BY ELIZABETH ONESS
“A bent spine is the enemy of self-realization.” –– Paramahansa Yogananda
Years ago, after a long break from riding, I was looking for a new trainer. I had a lesson with a hunter/jumper rider who told me, “You’re an adult––you don’t have to sit up.” She smiled, conspiratorial, and I thought, this probably isn’t the right teacher for me. I wanted a trainer who wasn’t interested in shortcuts.
These days, I mostly compete at dressage shows, and sitting up straight is one of my challenges. I have been trying to learn this for a long time—since approximately the time I got breasts. Trainers have told me the things we’ve all heard: sit up, stick out your boobs, imagine your breasts like headlights pointing toward the horse’s ears, imagine someone is pulling on your pony tail. I’ve read Sally Swift, Mary Wanless, and countless classic dressage texts, but still, until recently, it felt laborious and stiff to sit up.
To the uninitiated, sitting up might seem cosmetic, but we know it’s not. When your spine is straight, or “neutral,” your shoulders relax, which translates to being soft on the horse’s mouth; your hips relax and become mobile, so you can follow your horse’s movement, but even if you’re fit, it can be hard to remember this uprightness while concentrating on so many other things on top of a horse.
I grew up in a time when I had lots of great models––Katie Monahan Prudent, Leslie Burr Howard, and Conrad Holmfeld to name only a few. They had finesse and great control of their upper bodies, but I know where my slouch comes from: wanting to imitate the hunter riders who seemed unflappable and cool. Almost every weekend, I watched Bernie Traurig and Rodney Jenkins and Bert Mutch cantering around big courses with an elegant hunter slouch. It was the equestrian version of James Dean leaning against a car, smoking a cigarette. The image said: “I can do this, no sweat, I don’t even have to sit up straight.” And though they made it look effortless, if you go back and look at photos, they weren’t actually slouching, it was more that they were relaxed––they had athleticism and feel, and tons and tons of practice.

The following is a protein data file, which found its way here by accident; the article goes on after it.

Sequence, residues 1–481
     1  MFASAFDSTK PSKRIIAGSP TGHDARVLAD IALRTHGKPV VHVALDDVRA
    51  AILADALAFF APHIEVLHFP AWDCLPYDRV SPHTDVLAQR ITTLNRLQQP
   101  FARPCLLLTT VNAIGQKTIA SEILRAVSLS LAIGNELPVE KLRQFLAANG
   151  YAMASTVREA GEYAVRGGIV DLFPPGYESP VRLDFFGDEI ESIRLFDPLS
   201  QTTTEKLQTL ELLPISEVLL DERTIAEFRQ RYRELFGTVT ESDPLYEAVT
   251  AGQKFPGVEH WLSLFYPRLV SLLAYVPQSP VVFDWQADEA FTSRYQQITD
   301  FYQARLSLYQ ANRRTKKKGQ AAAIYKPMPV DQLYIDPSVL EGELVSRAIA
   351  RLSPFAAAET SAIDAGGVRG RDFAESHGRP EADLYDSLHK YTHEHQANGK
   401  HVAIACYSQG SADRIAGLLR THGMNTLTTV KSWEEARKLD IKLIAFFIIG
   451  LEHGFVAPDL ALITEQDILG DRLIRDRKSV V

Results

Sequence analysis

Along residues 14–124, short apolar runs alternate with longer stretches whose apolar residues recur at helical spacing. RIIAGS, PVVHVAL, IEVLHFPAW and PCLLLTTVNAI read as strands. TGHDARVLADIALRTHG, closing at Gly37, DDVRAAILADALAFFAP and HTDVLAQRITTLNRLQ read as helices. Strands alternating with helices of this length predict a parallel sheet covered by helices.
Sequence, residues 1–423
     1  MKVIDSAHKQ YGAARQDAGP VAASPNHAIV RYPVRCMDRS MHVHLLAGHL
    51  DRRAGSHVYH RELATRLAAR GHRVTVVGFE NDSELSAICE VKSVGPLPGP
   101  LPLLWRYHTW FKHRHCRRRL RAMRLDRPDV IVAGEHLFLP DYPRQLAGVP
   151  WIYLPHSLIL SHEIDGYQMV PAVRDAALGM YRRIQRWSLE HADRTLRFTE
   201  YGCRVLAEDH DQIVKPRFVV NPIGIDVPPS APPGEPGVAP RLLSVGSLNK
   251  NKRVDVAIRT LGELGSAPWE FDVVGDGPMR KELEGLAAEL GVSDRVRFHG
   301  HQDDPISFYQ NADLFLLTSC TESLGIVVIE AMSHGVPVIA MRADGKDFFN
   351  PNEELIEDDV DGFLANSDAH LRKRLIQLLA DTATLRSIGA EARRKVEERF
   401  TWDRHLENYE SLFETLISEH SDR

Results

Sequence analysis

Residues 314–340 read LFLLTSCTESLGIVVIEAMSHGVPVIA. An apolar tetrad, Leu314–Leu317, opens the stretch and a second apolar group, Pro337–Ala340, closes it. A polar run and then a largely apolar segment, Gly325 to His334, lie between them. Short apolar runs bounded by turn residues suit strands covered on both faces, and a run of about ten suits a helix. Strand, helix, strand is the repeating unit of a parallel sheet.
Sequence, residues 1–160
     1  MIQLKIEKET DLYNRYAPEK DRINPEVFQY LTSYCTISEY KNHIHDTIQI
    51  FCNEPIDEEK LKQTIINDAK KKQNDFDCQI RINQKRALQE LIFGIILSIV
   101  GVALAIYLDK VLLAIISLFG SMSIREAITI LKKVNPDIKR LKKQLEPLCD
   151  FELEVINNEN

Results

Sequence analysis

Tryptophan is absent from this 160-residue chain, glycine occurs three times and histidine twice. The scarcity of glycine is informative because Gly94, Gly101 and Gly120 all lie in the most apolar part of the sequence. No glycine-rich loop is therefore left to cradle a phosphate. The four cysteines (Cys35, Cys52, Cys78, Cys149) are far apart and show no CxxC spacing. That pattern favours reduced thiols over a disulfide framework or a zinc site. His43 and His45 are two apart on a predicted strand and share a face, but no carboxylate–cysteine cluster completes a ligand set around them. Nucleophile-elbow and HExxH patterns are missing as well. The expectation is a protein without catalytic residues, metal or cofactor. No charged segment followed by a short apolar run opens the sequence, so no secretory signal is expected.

Like many people, I take yoga classes when they fit into my schedule, and while I aspire to be a better person, I’m a bit of a spiritual slacker. You know that unpronounceable pose where you reach one hand high, then drop it behind your back to hold the other hand reaching up your back? I can no more touch my hands behind my back than fly to the moon. I’m not very good at balance poses either.
Last summer, I took a friend’s yoga class, and we worked on Tree pose. Usually, I wobble, but when I drew the bottom of my shoulder blades down, and concentrated on the area where my bra strap went across my back, suddenly I stood up straight, “spine stacked,” and I stopped wobbling. I was balanced.
When I rode the next day, I imagined the same feeling, and there I was, sitting up straight. It didn’t feel stiff. It was easy. Everything moved, and my shoulders relaxed. Sitting up helped me over fences too. I imagined drawing my shoulder blades down, and thinking about this prevented me from getting ahead of the motion.
I can’t say how the instruction in yoga class was different than any of the instructions I’ve received in the past––sometimes we know things intellectually, and it takes a while for our bodies to understand, but thinking about the bottom of my shoulder blades helped me sit up straight.
The epigraph above has floated around in my head for a long time, and while Yogananda was talking about spiritual progress, I have known it applied to riding too. I had to take care of a fundamental if I wanted to make real progress. I can’t say I’ve perfected this, but I’ve put an important piece in place.